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AI Beyond the Semantics: Here’s What you Need to Know

Nov 6, 2019 | Nadav Maman

The wave of excitement over artificial intelligence is spreading, and like a tsunami is anticipated to touch every possible surface. And yet as this wave crashes down, many consumers and companies struggle to identify the subsets of AI, and what these distinctions mean. Decision-makers are still unclear about the difference between ‘machine learning,’ and ‘deep learning’, and the significance that this distinction has in keeping their system’s users and data safe.

Machine learning and deep learning are neither synonyms, nor competing technologies, and yet the variation between them makes all the difference for companies attempting to harness the power of data while trying to determine the best path to success. There are lots of wrong terms and usage, and like any great trend, people end-up following them in the wrong way. In this case, by incorrectly applying terms and mainly by focusing implementation on methods that do not bring any real value and have no technological edge. A good example of this is the use of common open source libraries, which is often done the wrong way or for the wrong domain purpose (we’ll expand on this more, further on).

With all this surrounding confusion regarding machine learning vs deep learning, we bring a clear distinction between the two; we demonstrate their distinctive objectives and the respective purposes to which they lend themselves.

 

Back to the Basics: Defining Deep Learning and Machine Learning

Deep learning is a subfield of machine learning, which is itself a subset of AI. Deep Learning is trying to mimic the brain’s behavior in the same way that the human brain learns (by being agnostic to the input) – taking in all the data and learning from it continuously and intuitively.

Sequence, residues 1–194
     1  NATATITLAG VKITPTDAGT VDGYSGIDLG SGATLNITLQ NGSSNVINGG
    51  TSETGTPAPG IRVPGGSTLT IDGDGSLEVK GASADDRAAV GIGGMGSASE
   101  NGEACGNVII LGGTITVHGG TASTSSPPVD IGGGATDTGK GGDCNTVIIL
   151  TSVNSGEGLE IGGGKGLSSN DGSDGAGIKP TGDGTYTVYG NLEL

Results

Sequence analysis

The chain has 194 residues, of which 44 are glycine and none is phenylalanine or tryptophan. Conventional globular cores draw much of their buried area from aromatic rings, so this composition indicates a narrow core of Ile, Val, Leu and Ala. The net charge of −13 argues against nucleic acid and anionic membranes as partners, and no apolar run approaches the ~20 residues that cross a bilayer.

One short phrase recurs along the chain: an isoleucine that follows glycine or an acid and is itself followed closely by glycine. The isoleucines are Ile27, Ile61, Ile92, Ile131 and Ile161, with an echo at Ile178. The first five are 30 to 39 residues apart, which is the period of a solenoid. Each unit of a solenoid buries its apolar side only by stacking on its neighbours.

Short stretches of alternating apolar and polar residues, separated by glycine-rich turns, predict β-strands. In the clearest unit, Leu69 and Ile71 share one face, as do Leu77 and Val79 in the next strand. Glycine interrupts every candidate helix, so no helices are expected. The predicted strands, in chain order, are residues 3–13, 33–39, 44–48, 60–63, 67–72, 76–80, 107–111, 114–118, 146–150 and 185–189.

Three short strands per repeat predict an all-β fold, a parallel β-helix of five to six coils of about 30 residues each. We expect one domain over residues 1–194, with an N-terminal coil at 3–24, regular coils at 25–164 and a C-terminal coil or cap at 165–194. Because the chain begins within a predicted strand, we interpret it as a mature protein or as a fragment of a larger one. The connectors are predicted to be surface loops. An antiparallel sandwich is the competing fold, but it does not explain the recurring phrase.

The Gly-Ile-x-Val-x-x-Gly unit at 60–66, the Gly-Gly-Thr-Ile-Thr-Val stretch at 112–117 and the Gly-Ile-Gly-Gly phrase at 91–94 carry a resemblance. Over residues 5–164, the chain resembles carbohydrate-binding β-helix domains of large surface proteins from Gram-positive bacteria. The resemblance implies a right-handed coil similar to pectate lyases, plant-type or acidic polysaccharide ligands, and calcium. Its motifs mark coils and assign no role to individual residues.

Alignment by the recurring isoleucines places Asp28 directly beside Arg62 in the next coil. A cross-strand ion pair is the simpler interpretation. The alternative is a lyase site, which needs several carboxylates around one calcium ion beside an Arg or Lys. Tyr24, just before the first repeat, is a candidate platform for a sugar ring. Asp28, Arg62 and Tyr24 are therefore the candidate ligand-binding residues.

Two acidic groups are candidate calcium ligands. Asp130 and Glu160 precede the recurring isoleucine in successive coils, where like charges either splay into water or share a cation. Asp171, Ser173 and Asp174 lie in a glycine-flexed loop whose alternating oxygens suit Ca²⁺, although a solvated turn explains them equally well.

With the ever-growing availability of data that is increasingly informing many disciplines, deep learning is uniquely disposed to leverage massive volumes of data for more intuitive, accurate, and real-time insights. The training of the deep learning algorithm necessitates scaling hundreds of millions of data samples, and improvement is a case of ‘the more data, the merrier’ (as long as your training data is labeled well, and your dataset is qualified).

Deep learning is unique from machine learning in that it is the first, and currently the only, method that is capable of training directly on raw data. Traditional machine learning requires feature engineering, where a human expert effectively “guides” the machine through the learning process by extracting the features that need to be learnt. As it’s based on human analysis, it’s highly limited and relies solely on specific known use cases. In contrast, deep learning can dive into the raw data of the file, without explicitly being told to pay attention to engineered features and analyzes all the available data.

 

Cybersecurity on Steroids

In its application to cybersecurity, the deep learning model is able to analyze the millions of different possible files and attack vectors. As the training dataset gets larger and larger, the deep learning algorithms continuously improve. It’s this unique ability to pick up on patterns and nonlinear correlations in the raw data that are too complex for any human or traditional AI to pick up on, which gives deep learning its inherent value.

This ability for in-depth analysis predisposes deep learning to cybersecurity on multiple levels. Firstly, because the entire file is analyzed, it is not limited to selected information that has been extracted. Secondly, aggregating simple non-linear units into a deep network enables the capture of hierarchical dependencies between features which produces empirically better accuracy. Lastly, the abundance of data in which to train with, means that there is great scope to improve accuracy and reliability.

The combination of these analysis features provides numerous valuable outcomes for the future of cybersecurity: